The Temple of the Tooth (Sri Dalada Maligawa) is a Buddhist temple which can be found in the royal palace complex of the former kingdom of Kandy.
Tea in Sri Lanka
Tea is part of Sri Lanka’s unique cultural heritage and some of the world’s finest teas are produced here. Due to Sri Lanka’s diverse climate each tea variety is uniquely different. The country is particularly famous for Ceylon tea, recognised over the world for its high quality and distinct aroma (crisp and citrus).
History of tea in Sri Lanka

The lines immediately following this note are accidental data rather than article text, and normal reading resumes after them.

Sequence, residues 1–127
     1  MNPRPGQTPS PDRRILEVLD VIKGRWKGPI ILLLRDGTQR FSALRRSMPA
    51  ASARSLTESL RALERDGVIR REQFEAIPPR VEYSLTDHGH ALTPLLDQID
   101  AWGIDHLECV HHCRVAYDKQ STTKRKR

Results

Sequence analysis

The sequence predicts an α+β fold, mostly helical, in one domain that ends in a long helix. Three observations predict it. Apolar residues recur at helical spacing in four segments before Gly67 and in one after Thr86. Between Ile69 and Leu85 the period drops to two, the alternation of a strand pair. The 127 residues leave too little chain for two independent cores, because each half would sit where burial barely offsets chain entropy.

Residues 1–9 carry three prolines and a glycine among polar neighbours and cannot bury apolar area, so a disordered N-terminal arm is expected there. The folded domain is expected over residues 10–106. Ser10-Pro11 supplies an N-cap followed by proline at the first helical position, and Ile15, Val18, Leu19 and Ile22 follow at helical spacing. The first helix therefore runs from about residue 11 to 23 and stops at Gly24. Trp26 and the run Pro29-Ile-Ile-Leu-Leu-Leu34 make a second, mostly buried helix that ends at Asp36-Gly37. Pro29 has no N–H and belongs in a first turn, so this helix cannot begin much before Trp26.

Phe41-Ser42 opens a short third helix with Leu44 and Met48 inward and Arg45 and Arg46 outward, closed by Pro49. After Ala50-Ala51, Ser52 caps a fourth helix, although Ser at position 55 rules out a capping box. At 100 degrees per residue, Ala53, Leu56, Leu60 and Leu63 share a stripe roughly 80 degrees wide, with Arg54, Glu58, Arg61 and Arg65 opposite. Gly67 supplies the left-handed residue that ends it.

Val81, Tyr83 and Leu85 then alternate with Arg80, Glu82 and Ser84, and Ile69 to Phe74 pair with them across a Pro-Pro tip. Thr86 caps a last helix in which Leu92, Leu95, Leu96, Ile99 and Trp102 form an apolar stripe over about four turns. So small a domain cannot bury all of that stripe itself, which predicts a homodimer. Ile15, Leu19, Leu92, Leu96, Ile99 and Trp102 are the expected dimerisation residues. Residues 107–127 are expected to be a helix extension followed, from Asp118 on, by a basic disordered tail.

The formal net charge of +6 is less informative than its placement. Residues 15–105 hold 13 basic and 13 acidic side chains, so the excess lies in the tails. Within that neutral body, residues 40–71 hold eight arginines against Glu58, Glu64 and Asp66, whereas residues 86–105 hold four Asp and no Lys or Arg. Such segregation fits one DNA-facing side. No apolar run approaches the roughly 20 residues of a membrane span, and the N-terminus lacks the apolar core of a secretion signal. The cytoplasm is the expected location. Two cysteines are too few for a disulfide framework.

The introduction of tea to Sri Lanka dates back to 1867. Ceylon had just been dealt a staggering economic blow due to the shock collapse of the coffee enterprise. The plant disease ‘coffee-rust’ had taken a surprising hold and in just over a decade had devastated the entirety of Ceylon’s coffee industry. As country-wide panic set in, rescue came in the form of 17 year old James Taylor, who had just set up his first tea plantation on the Loolecondera estate. His objective was to replicate the tea growing processes he had observed in India, and by 1872 he had opened his own tea factory. It wasn’t long before planters from all over the country were imitating Taylor’s manufacturing process. It was a lengthy and costly process, but eventually was very prosperous, reaching production levels of over 22,000 tonnes by 1890. The success of tea was immense, and soon replaced coffee as the foundation for the colonial economy.